When the editors began the lengthy task of trawling through numerous exhibition catalogues, journals, and other sources, they were careful to avoid giving undue prominence to works made for white cube galleries. On the contrary, Wood and Kelly set about finding texts that highlight the diverse forms of sculpture – everything from statues, portrait busts, and public monuments, through to found objects, photographs, and performances. They also wanted to show how widely artists use both traditional and modern processes, such as Katharina Fritsch’s casts in plaster and polyester, Thomas Schütte’s works in Fimo clay, photography, glass, and bronze, and Paul McCarthy’s sculptures made variously from resin, wood and inflatable materials.
But the most important editorial decision came out of their conversations with artists. These discussions made it clear that artists continue to be very interested in the idea of ‘sculpture’ and in the meaning of the ‘sculptural’. Indeed, the process of object-making remains central to many artists’ practice despite the freedom to work in any form or media. This led Wood and Kelly to the conclusion that artists’ writings and interviews offer the most telling and important insights into what is happening in sculpture right now. As they proceeded with the selection, the editors included a few artists, like Elmgreen and Dragset, who mainly work in other media because their words and ideas on the nature and practice of sculpture are so apt. The result is the first book about contemporary sculpture solely authored by practising artists.
Putting artists and works centre stage led Wood and Kelly to opt for a deliberately light touch in the organization of the texts. These are grouped thematically under three broad headings: first, objects, materials, and processes; second, modes of figuration (both as subject and in performance); and third, spaces and places. This minimalist approach offers basic guidance on content but also leaves the reader free to discover other connections between the texts – such sculptures which only exist in photographic form, works that become, or shape, the viewer’s space, or objects that ventriloquise and ‘act out’.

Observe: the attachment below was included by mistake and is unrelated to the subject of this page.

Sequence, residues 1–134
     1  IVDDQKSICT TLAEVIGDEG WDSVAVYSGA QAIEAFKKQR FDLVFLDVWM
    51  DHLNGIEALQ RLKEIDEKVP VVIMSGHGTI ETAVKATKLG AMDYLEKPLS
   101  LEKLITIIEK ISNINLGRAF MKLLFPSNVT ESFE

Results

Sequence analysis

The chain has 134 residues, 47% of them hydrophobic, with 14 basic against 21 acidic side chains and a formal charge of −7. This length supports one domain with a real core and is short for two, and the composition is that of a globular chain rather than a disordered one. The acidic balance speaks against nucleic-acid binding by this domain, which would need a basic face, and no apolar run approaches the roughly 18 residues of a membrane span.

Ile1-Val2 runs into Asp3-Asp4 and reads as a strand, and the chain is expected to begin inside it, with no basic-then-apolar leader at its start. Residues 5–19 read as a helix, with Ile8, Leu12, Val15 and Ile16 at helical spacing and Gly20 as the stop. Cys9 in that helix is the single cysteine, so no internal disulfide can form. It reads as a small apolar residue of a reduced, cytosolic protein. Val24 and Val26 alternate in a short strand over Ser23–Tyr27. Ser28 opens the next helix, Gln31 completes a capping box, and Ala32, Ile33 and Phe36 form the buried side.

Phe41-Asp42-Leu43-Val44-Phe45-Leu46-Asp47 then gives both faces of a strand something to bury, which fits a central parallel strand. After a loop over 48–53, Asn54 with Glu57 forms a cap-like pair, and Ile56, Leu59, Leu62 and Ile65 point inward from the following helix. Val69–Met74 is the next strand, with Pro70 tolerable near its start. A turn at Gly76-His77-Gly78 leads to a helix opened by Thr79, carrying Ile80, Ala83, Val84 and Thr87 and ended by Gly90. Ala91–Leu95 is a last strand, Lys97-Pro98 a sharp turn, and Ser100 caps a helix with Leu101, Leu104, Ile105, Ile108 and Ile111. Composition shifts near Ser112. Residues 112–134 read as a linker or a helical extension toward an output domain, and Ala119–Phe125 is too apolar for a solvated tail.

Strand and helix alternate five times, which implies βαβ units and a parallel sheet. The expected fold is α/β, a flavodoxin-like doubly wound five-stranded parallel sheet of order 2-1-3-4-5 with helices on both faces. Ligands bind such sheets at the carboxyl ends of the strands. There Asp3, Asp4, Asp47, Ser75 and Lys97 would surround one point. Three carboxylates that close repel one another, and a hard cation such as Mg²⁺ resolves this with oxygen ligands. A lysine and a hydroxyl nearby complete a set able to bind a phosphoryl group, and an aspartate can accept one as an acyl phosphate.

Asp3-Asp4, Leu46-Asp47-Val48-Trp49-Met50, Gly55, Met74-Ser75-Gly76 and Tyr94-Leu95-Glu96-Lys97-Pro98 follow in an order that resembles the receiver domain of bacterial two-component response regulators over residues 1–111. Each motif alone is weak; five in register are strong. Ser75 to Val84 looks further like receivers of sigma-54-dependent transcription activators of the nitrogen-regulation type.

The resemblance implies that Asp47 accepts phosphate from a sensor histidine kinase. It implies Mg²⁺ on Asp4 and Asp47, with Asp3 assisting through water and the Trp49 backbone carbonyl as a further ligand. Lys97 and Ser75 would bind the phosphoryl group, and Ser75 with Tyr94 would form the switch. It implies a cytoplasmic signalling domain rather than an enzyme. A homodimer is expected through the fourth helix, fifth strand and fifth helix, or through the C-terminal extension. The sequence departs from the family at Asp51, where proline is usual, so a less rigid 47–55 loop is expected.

Because half the contributions are interviews, the reader is often listening to the artist’s words in a very literal way. The editors have given prominence to this type of text to highlight how important interviews have become since the invention of the cassette tape in the early 1960s. Kiki Smith’s remarkable discussion with David Frankel about the development of her practice, and Katharina Fritsch’s description of her working methods in conversation with Susanne Bieber both illustrate the rich potential of a carefully structured interview. Elsewhere the spontaneity of the conversational form is uppermost. We hear this clearly in Nathaniel Mellors’ musings on figuration, language and ‘the absurdity’ of trying to make a work ‘speak’ in discussion with Jon Wood recorded specially for this volume.